Another way of examining soul loss in Buffy and Angel is to examine murder, because death, by definition (at least in the Buffyverse), includes loss of soul. Although the death of an ensouled being is always a significant event in the Buffyverse, the responses and consequences of such deaths, and especially of murder, is surprisingly (and perhaps disturbingly) inconsistent, even for a single character. For example, in the same breath that Buffy prohibits anyone from trying to kill Dawn in order to save the world, she affirms that she knew it was right to ‘kill’ Angel in an almost identical situation, and then less than two years later she admits that, given the same situation, she would let Dawn die, all without any major shift in her ideological system. Of the two shows’ combined casts of twenty main characters, I count only one who has never committed, attempted, consciously facilitated, or maliciously threatened the murder of another ensouled being (Tara, who is herself murdered), and yet only one character ever goes to jail for murder. The rest are punished by anything from severe guilt to a retreat in England to being flayed alive to nothing at all.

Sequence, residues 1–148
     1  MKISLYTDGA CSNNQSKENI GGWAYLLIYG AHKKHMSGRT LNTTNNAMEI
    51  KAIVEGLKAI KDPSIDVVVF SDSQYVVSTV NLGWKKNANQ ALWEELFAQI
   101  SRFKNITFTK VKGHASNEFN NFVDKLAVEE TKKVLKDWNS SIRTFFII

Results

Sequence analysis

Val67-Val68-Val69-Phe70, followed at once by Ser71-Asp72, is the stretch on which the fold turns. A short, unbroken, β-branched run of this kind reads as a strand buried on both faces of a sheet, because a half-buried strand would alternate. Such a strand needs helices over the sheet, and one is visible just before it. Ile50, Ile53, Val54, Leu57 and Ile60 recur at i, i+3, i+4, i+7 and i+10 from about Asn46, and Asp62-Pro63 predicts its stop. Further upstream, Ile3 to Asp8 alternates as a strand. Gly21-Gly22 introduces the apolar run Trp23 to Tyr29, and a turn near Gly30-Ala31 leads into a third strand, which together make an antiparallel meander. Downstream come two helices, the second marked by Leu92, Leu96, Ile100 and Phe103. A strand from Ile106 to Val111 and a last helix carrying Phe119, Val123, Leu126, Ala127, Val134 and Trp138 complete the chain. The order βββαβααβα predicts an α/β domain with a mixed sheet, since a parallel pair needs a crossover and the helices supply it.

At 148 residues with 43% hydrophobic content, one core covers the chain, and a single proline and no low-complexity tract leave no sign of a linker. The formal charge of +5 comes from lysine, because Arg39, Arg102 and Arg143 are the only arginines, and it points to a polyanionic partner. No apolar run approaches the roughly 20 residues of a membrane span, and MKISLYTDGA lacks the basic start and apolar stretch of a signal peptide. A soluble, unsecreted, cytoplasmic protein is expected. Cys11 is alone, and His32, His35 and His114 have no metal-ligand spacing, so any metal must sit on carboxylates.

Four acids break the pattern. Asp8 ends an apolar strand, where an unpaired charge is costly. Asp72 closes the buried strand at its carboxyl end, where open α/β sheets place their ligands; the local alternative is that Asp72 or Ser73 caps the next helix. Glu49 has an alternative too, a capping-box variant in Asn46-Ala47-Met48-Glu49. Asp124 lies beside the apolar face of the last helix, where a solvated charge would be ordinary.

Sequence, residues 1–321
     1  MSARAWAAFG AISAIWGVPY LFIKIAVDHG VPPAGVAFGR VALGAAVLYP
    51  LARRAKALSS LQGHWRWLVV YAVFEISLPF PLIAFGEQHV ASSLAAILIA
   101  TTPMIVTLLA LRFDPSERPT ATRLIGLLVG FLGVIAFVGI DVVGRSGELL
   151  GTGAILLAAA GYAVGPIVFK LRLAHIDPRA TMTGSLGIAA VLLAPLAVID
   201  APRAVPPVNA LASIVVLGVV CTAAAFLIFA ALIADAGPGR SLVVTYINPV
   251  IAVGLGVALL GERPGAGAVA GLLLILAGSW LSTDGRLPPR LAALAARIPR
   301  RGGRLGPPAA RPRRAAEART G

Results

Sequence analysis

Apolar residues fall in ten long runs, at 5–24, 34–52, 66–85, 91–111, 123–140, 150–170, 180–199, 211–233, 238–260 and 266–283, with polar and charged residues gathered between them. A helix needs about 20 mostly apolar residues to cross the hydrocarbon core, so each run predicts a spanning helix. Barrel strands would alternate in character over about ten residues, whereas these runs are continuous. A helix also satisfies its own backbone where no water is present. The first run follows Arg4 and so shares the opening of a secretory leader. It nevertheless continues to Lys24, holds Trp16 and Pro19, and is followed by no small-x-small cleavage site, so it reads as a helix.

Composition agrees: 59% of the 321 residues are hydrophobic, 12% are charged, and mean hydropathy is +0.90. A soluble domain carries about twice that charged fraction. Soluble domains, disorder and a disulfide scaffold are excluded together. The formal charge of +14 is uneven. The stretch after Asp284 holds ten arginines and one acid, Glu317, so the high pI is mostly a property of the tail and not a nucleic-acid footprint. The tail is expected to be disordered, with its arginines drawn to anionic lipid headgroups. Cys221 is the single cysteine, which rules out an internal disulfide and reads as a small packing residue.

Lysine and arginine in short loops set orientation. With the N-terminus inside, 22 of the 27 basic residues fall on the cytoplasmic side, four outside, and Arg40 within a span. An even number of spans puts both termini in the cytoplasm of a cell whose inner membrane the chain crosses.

Teasing out what this inconsistency signifies for the overall moral structure of the Buffyverse is complex, but may be seen more clearly in the case of Faith’s conflict with Buffy. Faith, a slayer, accidentally kills a human, thinking he was a vampire. When Buffy confronts her about it, Faith declares that she was simply doing her job. Buffy insists, “You don’t get it. You killed a man,” to which Faith replies, “No, you don’t get it. I don’t care.” Buffy remains frustrated, but does not pursue any further justice. However, when Faith later poisons Angel with a poison that can only be counteracted by drinking the blood of a slayer, Buffy fights Faith with the intention of killing her and feeding her to Angel, and she is very nearly successful. Faith committed murder out of ignorance, while Buffy’s attempted murder was malicious and knowing, and yet Faith is ostracized, labeled as “psychotic,” and constantly thought of as “the dark slayer,” while Buffy maintains her squeaky-clean reputation. Buffy’s actions are not portrayed as moral per se, and they are not without repercussions. But because she acted out of a sense of justice and with the intent of saving another life− in other words, from a moral standpoint, however twisted− she is still portrayed as a good person. Faith’s real crime was not the murder, but the fact that she did not care and refused to take responsibility for it.